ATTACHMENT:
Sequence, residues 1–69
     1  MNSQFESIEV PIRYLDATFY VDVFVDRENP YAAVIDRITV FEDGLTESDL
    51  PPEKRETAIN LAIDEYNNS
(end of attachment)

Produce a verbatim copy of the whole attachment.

Sequence, residues 1–69
     1  MNSQFESIEV PIRYLDATFY VDVFVDRENP YAAVIDRITV FEDGLTESDL
    51  PPEKRETAIN LAIDEYNNS